Melville H. Long

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Long in his college yearbook

Melville Hammond Long (October 18, 1889 – May 1969) of San Francisco, California, was an American tennis player.[1]


He was born on October 18, 1889 in San Francisco, California.[2][3] He attended University of California, Berkeley and received a medical degree, and by 1918 was a physician and surgeon.[3][4]

He won the men's singles competition at the Pacific Coast Championships (now known as the SAP Open) three times, in 1906, 1908 and 1910.

Long died in 1969.


  1. ^ "Melville Long The Champion. Defeats Emerson and Bundy in Historic Matches. Takes Winning Sets Easily After Tough Fight. Southern Californian Puts Up Great Contest". Los Angeles Times. August 1, 1909. Retrieved December 17, 2010. Melville H. Long of California is now the western tennis champion in men's singles and Mrs. C. W. Beard of this city is ...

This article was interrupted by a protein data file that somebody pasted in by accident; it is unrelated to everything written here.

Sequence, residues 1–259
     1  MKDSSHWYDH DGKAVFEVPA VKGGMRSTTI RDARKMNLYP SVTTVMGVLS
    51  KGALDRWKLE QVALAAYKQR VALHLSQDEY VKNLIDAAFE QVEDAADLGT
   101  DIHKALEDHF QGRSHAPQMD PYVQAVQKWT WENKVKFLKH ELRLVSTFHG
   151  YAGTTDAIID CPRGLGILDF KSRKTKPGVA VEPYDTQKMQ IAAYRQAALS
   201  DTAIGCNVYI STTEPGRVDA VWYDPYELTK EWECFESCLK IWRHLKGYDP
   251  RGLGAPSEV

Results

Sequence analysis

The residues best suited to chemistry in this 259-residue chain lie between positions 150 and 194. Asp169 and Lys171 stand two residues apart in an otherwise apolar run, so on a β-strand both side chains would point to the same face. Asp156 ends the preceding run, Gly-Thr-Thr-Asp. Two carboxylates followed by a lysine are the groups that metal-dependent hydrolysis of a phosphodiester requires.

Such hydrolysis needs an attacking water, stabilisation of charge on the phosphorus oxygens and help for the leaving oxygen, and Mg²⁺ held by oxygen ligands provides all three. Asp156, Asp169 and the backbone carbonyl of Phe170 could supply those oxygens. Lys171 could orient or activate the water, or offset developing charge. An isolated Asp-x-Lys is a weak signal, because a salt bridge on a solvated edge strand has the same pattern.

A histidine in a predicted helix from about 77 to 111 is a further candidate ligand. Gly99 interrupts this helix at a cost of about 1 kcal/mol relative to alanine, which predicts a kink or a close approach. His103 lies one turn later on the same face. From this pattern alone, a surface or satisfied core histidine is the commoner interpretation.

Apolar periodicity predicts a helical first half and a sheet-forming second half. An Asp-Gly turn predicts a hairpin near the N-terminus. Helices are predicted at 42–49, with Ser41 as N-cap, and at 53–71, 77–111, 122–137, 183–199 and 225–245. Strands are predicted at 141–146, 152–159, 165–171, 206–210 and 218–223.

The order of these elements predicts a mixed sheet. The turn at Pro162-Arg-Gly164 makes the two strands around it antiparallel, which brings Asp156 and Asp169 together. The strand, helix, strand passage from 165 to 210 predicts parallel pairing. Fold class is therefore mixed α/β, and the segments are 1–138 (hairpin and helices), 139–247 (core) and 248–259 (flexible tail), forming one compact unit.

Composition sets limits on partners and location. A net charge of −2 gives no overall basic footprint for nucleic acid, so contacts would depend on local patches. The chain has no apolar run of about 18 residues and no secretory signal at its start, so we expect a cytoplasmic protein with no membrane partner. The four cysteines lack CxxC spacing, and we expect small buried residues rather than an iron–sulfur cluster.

2. ^ "American Lawn Tennis". United States Lawn Tennis Association. 1931. Retrieved December 17, 2010. Maurice E. McLoughlin, born January 7, 1890; Melville H. Long, born October 18, 1889. 
  3. ^ a b Melville Hammond Long in the World War I draft registration
  4. ^ Register. University of California, Berkeley. Retrieved December 17, 2010. Melville Hammond Long, BS San Francisco 
Melville H. Long vs. Maurice McLoughlin on September 9, 1911 at The Championships, Wimbledon